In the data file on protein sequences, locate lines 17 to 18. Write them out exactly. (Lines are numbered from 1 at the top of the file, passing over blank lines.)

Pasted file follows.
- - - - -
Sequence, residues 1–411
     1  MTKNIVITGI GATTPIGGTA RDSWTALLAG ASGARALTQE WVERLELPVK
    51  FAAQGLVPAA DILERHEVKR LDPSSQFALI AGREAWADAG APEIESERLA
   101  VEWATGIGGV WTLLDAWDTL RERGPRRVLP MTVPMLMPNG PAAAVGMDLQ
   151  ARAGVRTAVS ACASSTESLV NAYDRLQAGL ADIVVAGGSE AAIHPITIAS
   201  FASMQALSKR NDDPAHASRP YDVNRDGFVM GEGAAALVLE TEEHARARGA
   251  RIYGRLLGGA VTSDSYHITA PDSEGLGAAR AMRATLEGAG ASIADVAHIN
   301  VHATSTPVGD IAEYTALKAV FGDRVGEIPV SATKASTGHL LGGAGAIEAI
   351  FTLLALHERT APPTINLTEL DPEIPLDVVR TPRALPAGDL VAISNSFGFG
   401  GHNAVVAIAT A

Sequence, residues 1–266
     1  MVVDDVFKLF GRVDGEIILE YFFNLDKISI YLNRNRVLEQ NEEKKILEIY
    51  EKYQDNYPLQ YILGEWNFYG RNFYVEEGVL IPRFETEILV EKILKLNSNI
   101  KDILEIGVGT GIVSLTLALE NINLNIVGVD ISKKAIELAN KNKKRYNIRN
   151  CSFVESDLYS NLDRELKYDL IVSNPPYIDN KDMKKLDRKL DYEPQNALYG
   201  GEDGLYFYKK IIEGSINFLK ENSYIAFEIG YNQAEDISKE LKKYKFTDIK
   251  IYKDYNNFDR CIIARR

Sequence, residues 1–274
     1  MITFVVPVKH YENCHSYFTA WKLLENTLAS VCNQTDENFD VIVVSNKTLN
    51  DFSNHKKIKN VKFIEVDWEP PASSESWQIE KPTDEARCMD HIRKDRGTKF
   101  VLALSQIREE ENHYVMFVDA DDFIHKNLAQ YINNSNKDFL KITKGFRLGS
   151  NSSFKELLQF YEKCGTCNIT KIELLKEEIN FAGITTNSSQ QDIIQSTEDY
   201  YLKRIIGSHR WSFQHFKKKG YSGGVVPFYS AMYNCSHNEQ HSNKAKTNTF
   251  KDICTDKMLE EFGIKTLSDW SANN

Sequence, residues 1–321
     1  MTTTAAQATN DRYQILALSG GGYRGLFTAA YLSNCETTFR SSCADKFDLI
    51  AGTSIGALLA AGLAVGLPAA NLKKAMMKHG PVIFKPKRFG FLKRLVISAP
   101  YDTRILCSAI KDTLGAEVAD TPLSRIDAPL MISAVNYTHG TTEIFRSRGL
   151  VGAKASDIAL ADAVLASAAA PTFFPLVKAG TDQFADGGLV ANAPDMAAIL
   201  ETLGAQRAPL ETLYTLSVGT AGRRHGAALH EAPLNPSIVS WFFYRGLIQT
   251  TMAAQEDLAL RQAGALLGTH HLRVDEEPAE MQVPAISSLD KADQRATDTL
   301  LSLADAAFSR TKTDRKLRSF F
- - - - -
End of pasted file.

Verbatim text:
   251  IYKDYNNFDR CIIARR

Sequence, residues 1–274